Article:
“…I might remark that my tendency to endless correspondence is a relatively late growth. In youth I scarcely did any letter-writing – thanking anybody for a present was so much of an ordeal that I would rather have written a two hundred fifty-line pastoral or a twenty-page treatise on the rings of Saturn.” – from H.P. Lovecraft Selected Letters 1929 – 1931. Edited by August Derleth and Donald Wandrei. (Arkham House; 1971)
While the colors and textures of the planet Saturn are not a stunning as those of Jupiter, its rings make it one of the most recognizable features of the solar system.
Saturn and two of its moons – Tethys (above) and Dione (solarsystem.nasa.gov)
Galileo was the first to identify the ring system of Saturn in July 1610, however to him the rings looked like “buldges, which he thought were a pair of “bodies” that do not move around the planet like Jupiter’s satellites – maybe Saturn was a “triple-bodied” system (The Planets, by Dava Sobel; 2005). Sometimes he called them a pair of handles and other times he called them “ears” but he never figured out the true nature of the rings.
It was Christiaan Huygens in 1656 who figured out that the “handles” of Saturn were “a broad, flat ring nowhere touching , and inclined to the ecliptic” (The Planets, by Dava Sobel; 2005). HPL described how Huygens accomplished this in a number of his astronomical articles (Collected Essays: Science, Volume 3 by S.T. Joshi, 2005).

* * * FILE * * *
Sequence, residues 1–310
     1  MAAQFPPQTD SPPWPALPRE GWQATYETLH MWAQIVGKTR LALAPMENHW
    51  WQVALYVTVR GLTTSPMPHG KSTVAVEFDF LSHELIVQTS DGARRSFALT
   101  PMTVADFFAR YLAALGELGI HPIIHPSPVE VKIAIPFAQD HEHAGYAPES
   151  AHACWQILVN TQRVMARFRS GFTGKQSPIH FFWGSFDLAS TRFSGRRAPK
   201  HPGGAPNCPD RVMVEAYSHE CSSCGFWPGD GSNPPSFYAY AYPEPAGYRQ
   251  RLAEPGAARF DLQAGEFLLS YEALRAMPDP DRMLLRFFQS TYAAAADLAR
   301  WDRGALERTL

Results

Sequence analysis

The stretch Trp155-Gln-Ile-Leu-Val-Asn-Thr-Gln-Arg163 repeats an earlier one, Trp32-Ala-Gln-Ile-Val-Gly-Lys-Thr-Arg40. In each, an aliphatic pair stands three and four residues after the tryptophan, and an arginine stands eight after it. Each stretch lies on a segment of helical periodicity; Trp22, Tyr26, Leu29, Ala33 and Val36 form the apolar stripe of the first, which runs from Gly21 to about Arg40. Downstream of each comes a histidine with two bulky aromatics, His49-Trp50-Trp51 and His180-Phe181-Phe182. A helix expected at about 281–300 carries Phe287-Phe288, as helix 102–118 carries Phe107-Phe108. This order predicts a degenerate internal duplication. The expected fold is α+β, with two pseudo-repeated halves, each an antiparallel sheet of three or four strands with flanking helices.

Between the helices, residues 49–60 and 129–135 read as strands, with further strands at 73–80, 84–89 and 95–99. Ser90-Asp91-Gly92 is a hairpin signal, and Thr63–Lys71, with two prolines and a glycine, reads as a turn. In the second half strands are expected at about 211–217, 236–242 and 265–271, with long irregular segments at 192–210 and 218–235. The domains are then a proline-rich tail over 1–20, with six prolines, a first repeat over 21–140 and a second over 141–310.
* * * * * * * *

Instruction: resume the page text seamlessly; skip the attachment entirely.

Originally Huygens thought of the ring as solid but over time the ring was observed to be composed of several bands (HPL, Ashville [N.C.] Gazette-News, 13 March 1915) and the Voyager missions identified that the rings are composed of tiny to large particles of ice and rock that are constantly bumping into each other but are still retained as ring due to the gravitational force of Saturn – 180,000 miles long but with a mean thickness of only about the height of a 30-story building (The Planets, by Dava Sobel; 2005).
Christiaan Huygens (from http://www.famousscientists.org).
Huygens also discovered Saturn’s largest moon Titan in 1655. From 1671 to 1684 Giovanni Domenico Cassini identified another four moons while two more were discovered by William Herschel in 1789. Other moons were sporadically discovered over the centuries and currently the count of Saturnian satellites is at 53 (solarsystem.nasa.gov).
In HPL time, at least when he was extensively writing on astronomy, Saturn was thought to have 10 satellites, more than any other planet, five of which are visible with an “ordinary telescope” (Collected Essays: Science, Volume 3 by S.T. Joshi, 2005). Titan is the largest moon of Saturn and the second largest moon in the solar system (Jupiter’s Ganymede is the largest moon in the solar system).
Saturn’s moon Titan with the moon Tethys in the background. Note the large crater, called Odysseus, on the surface of Tethys, which makes it look like the Death Star
Titan is a very unique satellite; it is the most Earth-like of any of the moons in our solar system. It has an atmosphere and weather, as well as lakes, seas and flowing rivers but of liquid methane and ethane and not of water (solarsystem.nasa.gov). Because of this liquid organic soup, it is thought Titan may harbor life but if so, it would be very different than life on Earth.
An artist’s rendition of the surface of Titan (from static.naukas.com)
Next time we review how HPL used Saturn in his fiction. Thank you – Fred.